(You only need libbfd if you want to build GDB.)

The short answer is that you’d expect lib to be built (or rather, installed) if there’s a library to install, and include if there are headers to install. Usually the two go together (at least for C and C++ libraries).

In binutils’ case, the library and associated headers are libbfd, which is a library used to manipulate object files in a variety of formats. It is installed by default for same-host compilation, but not for cross-compilation, which is why you’re seeing different behaviour in your scenarios. You can see the conditional default in bfd/acinclude.m4 in the source code.

(You only need libbfd if you want to build GDB.)

The short answer is that you’d expect lib to be built (or rather, installed) if there’s a library to install, and include if there are headers to install. Usually the two go together (at least for C and C++ libraries).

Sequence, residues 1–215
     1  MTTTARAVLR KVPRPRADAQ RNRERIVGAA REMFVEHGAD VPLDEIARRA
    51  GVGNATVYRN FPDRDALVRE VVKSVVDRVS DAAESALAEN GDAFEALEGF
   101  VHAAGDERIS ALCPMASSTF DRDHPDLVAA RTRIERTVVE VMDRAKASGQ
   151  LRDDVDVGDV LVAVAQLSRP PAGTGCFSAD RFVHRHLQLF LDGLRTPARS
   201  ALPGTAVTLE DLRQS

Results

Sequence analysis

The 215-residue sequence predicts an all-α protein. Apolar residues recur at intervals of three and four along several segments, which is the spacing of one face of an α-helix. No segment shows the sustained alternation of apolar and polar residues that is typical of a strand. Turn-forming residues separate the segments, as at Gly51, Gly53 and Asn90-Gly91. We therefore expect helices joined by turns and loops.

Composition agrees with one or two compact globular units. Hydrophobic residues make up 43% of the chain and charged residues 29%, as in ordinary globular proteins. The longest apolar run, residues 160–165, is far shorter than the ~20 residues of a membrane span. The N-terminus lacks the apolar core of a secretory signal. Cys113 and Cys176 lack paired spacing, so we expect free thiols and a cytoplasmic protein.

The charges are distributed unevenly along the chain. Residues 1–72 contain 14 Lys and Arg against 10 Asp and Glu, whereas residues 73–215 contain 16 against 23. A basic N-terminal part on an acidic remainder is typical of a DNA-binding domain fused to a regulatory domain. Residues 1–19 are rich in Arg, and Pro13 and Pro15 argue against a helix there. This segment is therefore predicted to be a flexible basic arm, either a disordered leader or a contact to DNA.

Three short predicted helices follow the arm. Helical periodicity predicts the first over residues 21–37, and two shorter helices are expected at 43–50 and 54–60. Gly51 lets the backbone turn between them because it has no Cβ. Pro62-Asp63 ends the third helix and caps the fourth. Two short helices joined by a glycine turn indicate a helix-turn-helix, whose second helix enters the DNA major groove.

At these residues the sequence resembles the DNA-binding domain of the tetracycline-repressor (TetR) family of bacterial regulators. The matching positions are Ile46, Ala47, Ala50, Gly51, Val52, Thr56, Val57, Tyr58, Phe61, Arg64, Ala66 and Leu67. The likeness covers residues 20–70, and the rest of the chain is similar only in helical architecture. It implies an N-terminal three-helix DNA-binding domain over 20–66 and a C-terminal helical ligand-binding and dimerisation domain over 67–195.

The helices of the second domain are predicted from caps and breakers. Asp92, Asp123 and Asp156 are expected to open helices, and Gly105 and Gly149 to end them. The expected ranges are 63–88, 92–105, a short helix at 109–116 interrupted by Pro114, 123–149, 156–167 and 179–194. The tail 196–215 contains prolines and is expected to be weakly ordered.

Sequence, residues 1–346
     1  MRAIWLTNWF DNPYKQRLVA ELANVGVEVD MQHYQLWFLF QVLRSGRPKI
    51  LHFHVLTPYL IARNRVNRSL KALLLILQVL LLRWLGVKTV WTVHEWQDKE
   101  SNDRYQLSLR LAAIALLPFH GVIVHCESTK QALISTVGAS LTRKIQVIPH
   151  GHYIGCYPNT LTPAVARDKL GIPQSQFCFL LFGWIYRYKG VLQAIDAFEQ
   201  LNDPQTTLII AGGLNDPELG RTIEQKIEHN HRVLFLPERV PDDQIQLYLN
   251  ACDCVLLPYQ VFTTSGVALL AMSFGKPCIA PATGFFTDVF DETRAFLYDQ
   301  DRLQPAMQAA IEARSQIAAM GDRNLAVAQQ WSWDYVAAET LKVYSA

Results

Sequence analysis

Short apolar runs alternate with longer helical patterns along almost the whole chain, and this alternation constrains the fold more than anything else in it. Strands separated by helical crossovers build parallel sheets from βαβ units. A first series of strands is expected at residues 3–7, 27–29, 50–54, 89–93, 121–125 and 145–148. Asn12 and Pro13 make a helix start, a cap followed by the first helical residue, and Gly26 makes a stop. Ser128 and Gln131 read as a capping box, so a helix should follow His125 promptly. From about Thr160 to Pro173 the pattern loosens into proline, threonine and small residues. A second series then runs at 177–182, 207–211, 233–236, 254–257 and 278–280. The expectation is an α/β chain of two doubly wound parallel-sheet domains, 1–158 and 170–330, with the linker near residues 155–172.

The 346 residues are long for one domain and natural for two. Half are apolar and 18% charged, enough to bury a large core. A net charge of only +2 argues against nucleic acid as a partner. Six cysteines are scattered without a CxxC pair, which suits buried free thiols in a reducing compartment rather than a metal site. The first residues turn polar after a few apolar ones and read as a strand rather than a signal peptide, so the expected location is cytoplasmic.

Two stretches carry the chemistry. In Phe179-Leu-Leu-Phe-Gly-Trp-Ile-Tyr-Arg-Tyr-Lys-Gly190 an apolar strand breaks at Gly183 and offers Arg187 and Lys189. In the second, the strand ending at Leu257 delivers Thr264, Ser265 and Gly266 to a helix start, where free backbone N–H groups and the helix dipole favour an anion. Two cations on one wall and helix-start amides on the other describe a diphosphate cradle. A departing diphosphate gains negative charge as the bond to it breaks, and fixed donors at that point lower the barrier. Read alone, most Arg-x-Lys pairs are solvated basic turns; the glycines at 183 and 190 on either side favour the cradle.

In binutils’ case, the libraries and associated headers are libbfd and libopcodes, as you mention. libbfd is a library used to manipulate object files in a variety of formats, libopcodes is a library used to map opcodes to instructions. libbfd is installed by default for same-host compilation, but not for cross-compilation, which is why you’re seeing different behaviour in your scenarios. You can see the conditional default in bfd/acinclude.m4 in the source code. Both libraries should be built in all cases.

(You only need libbfd if you want to build GDB.)

2 added 52 characters in body
source | link

The short answer is that you’d expect lib to be built (or rather, installed) if there’s a library to install, and include if there are headers to install. Usually the two go together (at least for C and C++ libraries).